Acupuncture is very safe when performed by a well-trained, qualified professional using recognized standards of clean needle technique and sterile needles.
Since 1996, the U.S. Food and Drug Administration has been classifying acupuncture needles as medical instruments, and requires acupuncturists to use only sterile, disposable needles. Manufacturers of acupuncture needles are required by the FDA to label them for single-use only. Also, acupuncturists will swab the acupuncture sites first with an antiseptic, so there is very little risk of infection. Considering the millions of people treated each year and the number of acupuncture needles used per treatment, relatively few complications from the use of acupuncture have been reported. It’s very important to visit a licensed practitioner, however, because poorly sterilized needles and improper clean needle technique can transmit infectious diseases.
Are There Side Effects?
Usually not. Side effects are rare but the most common side effects with acupuncture are minor irritation or slight bruising at the needle site. Acupuncture redirects energy and promotes blood circulation and hormonal releases to activate natural healing. People general report feeling a deep sense of relaxation with treatment. Occasionally after a treatment a person may feel a little lightheaded or tired or may feel elated or invigorated with such sensations often passing in a short time never requiring more than a bit of rest.
Safety in Comparison to Other Treatments
In regards to the relative safety of acupuncture in comparison to other treatments, a consensus panel from the national medical research agency – Nation Institutes of Health (NIH) stated that “adverse side effects of acupuncture are extremely low and often lower than conventional treatments.” They also stated:
“the incidence of adverse effects is substantially lower than that of many drugs or other accepted medical procedures used for the same condition. For example, musculoskeletal conditions, such as fibromyalgia, myofascial pain, and tennis elbow… are conditions for which acupuncture may be beneficial. These painful conditions are often treated with, among other things, anti-inflammatory medications (aspirin, ibuprofen, etc.) or with steroid injections. Both medical interventions have a potential for deleterious side effects but are still widely used and are considered acceptable treatments.”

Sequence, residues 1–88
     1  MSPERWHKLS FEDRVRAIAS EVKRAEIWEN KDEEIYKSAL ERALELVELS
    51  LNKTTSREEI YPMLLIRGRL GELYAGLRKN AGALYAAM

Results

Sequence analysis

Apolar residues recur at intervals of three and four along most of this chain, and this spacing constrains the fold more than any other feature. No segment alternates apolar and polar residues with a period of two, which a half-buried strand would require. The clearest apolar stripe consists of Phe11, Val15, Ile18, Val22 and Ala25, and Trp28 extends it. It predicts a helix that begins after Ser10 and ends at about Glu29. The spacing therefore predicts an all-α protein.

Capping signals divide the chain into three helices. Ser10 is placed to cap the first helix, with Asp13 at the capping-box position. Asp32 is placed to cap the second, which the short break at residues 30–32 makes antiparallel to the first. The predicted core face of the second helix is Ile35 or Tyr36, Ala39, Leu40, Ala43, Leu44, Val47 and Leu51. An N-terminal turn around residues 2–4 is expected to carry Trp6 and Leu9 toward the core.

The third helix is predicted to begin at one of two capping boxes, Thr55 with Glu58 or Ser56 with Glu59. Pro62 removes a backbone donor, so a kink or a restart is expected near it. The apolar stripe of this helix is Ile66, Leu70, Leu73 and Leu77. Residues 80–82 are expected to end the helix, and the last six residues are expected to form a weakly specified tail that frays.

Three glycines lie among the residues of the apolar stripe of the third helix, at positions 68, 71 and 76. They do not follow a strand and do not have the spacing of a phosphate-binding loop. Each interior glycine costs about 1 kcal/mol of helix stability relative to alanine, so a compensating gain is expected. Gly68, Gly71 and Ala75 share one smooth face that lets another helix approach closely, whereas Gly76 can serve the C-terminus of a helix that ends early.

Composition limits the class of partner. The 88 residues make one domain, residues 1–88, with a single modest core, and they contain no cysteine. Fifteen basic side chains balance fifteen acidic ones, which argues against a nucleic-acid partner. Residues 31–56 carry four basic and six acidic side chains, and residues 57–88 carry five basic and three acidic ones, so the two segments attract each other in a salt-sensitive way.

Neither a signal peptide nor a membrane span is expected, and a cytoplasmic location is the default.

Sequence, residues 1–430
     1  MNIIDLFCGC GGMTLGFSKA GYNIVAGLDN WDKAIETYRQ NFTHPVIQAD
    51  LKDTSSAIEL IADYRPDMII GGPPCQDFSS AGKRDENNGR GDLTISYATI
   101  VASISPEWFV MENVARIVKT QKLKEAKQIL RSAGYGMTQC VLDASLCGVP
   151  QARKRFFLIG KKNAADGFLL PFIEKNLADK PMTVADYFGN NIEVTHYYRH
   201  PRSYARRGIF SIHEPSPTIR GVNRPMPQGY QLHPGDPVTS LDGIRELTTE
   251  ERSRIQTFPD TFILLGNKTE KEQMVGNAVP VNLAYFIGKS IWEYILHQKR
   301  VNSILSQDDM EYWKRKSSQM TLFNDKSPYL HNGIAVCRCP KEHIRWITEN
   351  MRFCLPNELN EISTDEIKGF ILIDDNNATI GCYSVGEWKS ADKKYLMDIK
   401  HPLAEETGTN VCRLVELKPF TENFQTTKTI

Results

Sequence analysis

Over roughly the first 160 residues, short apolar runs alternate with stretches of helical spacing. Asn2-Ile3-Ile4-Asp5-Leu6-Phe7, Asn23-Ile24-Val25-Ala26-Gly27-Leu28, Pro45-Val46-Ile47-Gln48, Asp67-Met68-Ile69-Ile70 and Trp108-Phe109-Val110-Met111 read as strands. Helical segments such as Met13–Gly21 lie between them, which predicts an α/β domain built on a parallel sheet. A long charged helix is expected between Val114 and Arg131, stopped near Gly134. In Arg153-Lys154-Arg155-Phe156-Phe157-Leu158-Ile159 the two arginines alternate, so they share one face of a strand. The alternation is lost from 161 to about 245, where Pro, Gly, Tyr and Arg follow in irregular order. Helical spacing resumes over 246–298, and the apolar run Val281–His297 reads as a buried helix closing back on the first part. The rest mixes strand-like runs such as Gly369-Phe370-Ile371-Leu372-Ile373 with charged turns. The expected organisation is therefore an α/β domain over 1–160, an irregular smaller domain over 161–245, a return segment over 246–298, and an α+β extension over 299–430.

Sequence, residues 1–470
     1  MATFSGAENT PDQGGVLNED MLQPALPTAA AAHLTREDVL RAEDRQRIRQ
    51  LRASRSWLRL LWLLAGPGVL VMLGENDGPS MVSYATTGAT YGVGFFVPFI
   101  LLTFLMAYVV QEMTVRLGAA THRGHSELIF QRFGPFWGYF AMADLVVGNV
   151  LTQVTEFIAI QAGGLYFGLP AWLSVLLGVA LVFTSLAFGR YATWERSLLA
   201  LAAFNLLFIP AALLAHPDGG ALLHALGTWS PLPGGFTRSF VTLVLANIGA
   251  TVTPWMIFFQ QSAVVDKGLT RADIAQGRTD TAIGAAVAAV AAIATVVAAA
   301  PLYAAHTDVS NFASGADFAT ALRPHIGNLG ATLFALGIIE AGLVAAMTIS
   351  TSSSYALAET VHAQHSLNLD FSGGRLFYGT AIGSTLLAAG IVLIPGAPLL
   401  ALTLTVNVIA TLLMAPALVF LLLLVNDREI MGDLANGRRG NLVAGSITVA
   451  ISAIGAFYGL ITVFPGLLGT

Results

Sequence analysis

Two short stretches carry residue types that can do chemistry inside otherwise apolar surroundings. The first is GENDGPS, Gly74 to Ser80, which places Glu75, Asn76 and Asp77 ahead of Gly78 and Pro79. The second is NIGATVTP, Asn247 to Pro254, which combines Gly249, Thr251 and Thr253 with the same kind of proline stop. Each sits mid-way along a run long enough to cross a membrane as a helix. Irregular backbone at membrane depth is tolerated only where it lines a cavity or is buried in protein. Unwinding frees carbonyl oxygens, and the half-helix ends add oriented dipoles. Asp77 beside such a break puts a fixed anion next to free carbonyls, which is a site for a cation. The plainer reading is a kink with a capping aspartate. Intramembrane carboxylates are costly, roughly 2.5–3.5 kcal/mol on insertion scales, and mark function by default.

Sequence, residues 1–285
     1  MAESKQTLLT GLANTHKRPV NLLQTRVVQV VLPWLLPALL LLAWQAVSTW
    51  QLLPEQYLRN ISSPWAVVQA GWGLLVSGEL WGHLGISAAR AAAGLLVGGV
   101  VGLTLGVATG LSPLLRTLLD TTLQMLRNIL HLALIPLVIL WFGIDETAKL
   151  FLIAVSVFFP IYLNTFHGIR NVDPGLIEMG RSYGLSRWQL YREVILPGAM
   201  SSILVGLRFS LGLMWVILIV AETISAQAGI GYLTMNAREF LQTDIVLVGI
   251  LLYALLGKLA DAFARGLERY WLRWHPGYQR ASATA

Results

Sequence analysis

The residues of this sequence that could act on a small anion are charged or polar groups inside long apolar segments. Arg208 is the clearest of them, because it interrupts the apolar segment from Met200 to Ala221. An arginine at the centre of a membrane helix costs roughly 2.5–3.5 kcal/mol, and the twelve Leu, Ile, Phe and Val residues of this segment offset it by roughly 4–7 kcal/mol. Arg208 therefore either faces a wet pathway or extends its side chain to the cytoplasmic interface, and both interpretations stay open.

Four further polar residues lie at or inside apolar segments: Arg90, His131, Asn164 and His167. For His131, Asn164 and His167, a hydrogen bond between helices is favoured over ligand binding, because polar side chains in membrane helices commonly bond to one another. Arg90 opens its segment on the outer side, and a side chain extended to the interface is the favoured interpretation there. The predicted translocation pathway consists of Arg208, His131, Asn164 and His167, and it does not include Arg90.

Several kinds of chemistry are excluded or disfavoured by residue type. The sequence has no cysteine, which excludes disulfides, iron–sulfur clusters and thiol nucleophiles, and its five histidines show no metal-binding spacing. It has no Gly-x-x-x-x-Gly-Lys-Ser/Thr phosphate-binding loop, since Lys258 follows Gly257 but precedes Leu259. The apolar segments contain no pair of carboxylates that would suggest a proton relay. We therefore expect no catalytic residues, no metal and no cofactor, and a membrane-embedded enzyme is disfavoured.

Qualified Professional Standards and Training
Accredited acupuncture schools are required by the Council of Colleges of Acupuncture and Oriental Medicine (CCAOM) to provide formal testing in clean needle technique before a student can handle needles in the school clinic during internship. The National Certification Commission for Acupuncture and Oriental Medicine (NCCAOM) is the recognized national organization that establishes and promotes recognized standards of competence and safety in acupuncture and Oriental medicine for the protection and benefit of the public. NCCAOM regulates the national board exam for acupuncturists. Licensing in Rhode Island requires a diploma from an accredit school and passing the NCCAOM board exam.
An interesting article in Acupuncture Today containing safety information on acupuncture titled: Surveys Confirm the Safety of Acupuncture comments, “When asked why they use alternative forms of care, one of the most common responses people give is safety.”